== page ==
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This is a unique field where there are many opportunities to own your own business. Salon or spa ownership allows you to achieve a healthy income, flexibility in your personal life and work schedule, and creativity. Many Cosmetology school graduates choose to go on and own their own salon because they want to be their own boss, controlling their income, and enjoy making people look and feel fabulous. Salon/Spa Owners have the options to:
- Open A Franchised Location
- Start A New Salon Or Spa
- Partner With Another Owner
- Purchase An Established Salon
- And More!
Whether you choose to open a neighborhood beauty salon or an upscale day spa, your salon can become the social hub of your clientele. You can develop long-term friendships with employees and clients alike, while earning the respect of your community. For people with the drive and ambition this can be a wonderfully fulfilling career choice.
United States Department of Labor and Statistics - Salon Ownership 1
Ownership of salons and spas would follow the same statistical employment trends of the industry as a whole.
According to the Bureau of Labor Statistics, the number of personal appearance jobs is projected to jump 31 percent between 2008 and 2018. This rate of growth is nearly three times that of total U.S. employment (11 percent) during the same period.
In addition, all of the major personal appearance occupations are projected to post job growth stronger than the overall economy between 2008 and 2018. The number of skin care specialist jobs is projected to jump 51 percent, while hairdresser, hairstylist and cosmetologist positions are expected to increase by 31 percent.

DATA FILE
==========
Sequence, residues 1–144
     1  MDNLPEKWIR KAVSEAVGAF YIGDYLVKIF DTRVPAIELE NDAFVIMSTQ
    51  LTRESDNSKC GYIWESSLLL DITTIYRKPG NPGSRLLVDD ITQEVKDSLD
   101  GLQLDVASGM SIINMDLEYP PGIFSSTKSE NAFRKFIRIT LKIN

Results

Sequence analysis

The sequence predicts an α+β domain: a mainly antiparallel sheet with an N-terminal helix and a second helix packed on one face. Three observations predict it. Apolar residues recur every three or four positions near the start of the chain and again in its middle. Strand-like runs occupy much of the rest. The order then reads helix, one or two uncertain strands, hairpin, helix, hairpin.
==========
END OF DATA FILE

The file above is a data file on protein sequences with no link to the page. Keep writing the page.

Careers in the salon and spa industry present unique opportunities for business ownership for women. In fact, 61 percent of salons are owned by women, compared to just 30 percent of all businesses in the overall private sector.
With more than 400,000 salons in the U.S., opportunities for salon and spa mangers abound. From chain and franchise salons to boutiques and day spas, there has never been a better time to enter the field. If you’re interested in a management position as a cosmetologist, look for a school that offers:
- Retail Sales
- And Other Relevant Management Programs In Their Curriculum
There are cosmetology schools that offer business and marketing programs to train students for a well rounded background, preparing them for a career as a manager. Many hairdressers work in the field or operate their own salon to gain more confidence and learn the industry inside and out before they move into a managerial role.
The role of salon manager carries many diverse responsibilities. Often, it is the salon manager’s job to help define the short and long term goals of the salon and then work to achieve those goals. This includes, hiring, training, managing and even firing of employees. Additional duties include ensuring health and safety compliance, managing cash flow, selling products, and marketing the salon to drive growth and profitability. Ultimately it is the salon manager’s role to ensure that every client leaves happy. As you can see, managing a salon or spa requires much more than just cutting hair. If you enjoy motivating and managing others while helping to grow a business, then salon manager may be a great career choice for you.
United States Department of Labor and Statistics - Salon Management 1
Employment trends in this career path will follow those of the industry. Every time a new salon opens, a new salon manager position becomes available. However, most salons tend to have only one manager, thus making competition for this field particularly fierce.
According to the U.S. Bureau of Labor Statistics, a beauty salon manager can expect to make between $30,000 and $50,000 a year on average.
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1Bureau of Labor Statistics, U.S. Department of Labor, Occupational Outlook Handbook, 2010-11 Edition, Barbers, Cosmetologists, and Other Personal Appearance Workers, on the Internet at http://www.bls.gov/oco/ocos332.htm (visited October 13, 2011).